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Top Trump officials clash over plan to let cars pollute more

WASHINGTON — Senior administration officials are clashing over President Trump’s plan to roll back a major environmental rule and let cars emit more tailpipe pollution, according to 11 people familiar with the confrontation.

The officials are in disagreement over whether the proposal can withstand legal challenge.

The rollback, one of the most consequential proposals of the Trump administration, not only would permit more planet-warming pollution from cars, it would also challenge the right of California and other states to set their own, more restrictive state-level pollution standards.

On one side is the Environmental Protection Agency’s acting chief, Andrew Wheeler, who has tried to put the brakes on the plan, fearing that its legal and technical arguments are weak and will set up the Trump administration for an embarrassing courtroom loss.

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Wheeler inherited the proposal from his predecessor, Scott Pruitt, who resigned July 5 under a cloud of ethics investigations.

On the other side are top officials at the Transportation Department, Jeffrey A. Rosen and Heidi King, two of the proposal’s chief authors.

Rosen, a former George W. Bush administration official known for his zeal to undo federal regulations, is pushing the controversial proposal on the expectation that by the time any challenge makes it to the Supreme Court, the court’s makeup will be more friendly to a conservative, anti-regulatory policy, according to individuals familiar with his thinking.

Rosen and King have also justified their proposal with a new analysis concluding that the stricter Obama-era pollution rules would lead to thousands of deaths in road accidents. They argue that more fuel-efficient cars are less safe because they are lighter.

The plan’s official release has been delayed by what one person familiar with the talks called “a nuclear war” between Wheeler on one side and Rosen and King on the other. Wheeler has sharply questioned the auto fatality numbers and fears that if they are proven faulty, that will undermine the legal case for the rollback, according to people familiar with his argument.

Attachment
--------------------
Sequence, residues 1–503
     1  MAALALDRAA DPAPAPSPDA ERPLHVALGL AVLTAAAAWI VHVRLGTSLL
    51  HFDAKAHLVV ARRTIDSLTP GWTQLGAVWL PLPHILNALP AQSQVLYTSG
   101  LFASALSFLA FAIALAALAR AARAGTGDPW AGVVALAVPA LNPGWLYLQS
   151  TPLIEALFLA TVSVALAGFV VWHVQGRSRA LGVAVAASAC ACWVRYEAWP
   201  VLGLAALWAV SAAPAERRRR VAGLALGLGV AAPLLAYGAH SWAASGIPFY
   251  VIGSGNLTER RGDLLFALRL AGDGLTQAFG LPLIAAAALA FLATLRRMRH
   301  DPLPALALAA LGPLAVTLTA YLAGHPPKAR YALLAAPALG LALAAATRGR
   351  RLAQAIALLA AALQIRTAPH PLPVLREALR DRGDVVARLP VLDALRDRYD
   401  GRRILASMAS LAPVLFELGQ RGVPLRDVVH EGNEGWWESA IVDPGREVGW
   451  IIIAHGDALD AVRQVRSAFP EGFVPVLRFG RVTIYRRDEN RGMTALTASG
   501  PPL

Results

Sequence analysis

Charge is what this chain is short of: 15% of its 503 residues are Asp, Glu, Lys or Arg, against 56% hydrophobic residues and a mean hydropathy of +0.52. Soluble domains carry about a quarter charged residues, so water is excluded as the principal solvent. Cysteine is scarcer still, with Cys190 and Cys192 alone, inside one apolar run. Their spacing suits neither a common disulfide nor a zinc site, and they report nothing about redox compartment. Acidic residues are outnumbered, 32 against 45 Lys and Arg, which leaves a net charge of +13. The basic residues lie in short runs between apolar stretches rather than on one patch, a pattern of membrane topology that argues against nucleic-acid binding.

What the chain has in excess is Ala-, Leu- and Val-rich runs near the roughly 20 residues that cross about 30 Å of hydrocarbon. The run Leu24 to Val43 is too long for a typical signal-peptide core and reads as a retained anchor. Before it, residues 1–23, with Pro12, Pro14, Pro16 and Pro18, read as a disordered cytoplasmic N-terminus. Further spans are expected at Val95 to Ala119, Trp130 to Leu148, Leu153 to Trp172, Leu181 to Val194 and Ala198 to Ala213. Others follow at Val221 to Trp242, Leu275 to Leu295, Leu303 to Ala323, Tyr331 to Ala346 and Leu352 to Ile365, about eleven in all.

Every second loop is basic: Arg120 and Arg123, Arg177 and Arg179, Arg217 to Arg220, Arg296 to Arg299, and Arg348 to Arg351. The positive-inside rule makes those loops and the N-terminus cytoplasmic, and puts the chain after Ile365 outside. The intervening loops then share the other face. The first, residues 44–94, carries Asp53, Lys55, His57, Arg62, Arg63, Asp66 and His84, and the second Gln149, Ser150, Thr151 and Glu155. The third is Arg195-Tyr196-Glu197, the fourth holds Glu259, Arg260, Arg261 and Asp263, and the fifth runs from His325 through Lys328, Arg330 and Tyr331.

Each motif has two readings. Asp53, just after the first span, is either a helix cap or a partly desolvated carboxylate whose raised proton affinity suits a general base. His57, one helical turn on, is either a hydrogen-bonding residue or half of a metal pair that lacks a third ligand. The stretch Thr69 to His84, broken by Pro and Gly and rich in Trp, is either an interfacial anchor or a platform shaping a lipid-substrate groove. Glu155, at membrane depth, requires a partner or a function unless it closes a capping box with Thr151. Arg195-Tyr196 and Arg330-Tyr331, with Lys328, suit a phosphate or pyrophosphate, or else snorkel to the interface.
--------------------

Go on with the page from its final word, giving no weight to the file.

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This report is based on interviews with five people who are either former employees of the two agencies or former Trump administration officials, as well as six industry lobbyists and others close to the negotiations.

For now, the White House is siding with Rosen. Trump is expected to announce the proposal next week.

In a separate development, Wheeler has reversed Pruitt’s final policy decision, which would have allowed more highly polluting trucks on the nation’s roads.

Wheeler’s decision, outlined in a memo to his top air policy staff, formally vacated the move Pruitt made on his last day in office, earlier this month, before resigning amid a host of ethics investigations.

Pruitt had told manufacturers that the agency would not enforce a cap on what are known as “glider” trucks — vehicles with older and less efficient engines installed.

“I have concluded that the application of current regulations to the glider industry does not represent the kind of extremely unusual circumstances that support the EPA’s exercise of enforcement discretion,” Wheeler wrote.

If the Trump administration loosens federal pollution rules for cars, California has vowed to stick with its own stricter standards and to sue the administration. California has a waiver under the 1970 Clean Air Act to set its own air pollution regulations, and a dozen other states follow its lead.

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If California fights to retain its rule, it could result in a huge legal battle that is likely to reach the Supreme Court.

The new emissions proposal, which is to be jointly released by the EPA and the Transportation Department, was largely completed in May.

It was sent by both agencies to the White House for review, after which it was expected to be published in June or early July in the Federal Register.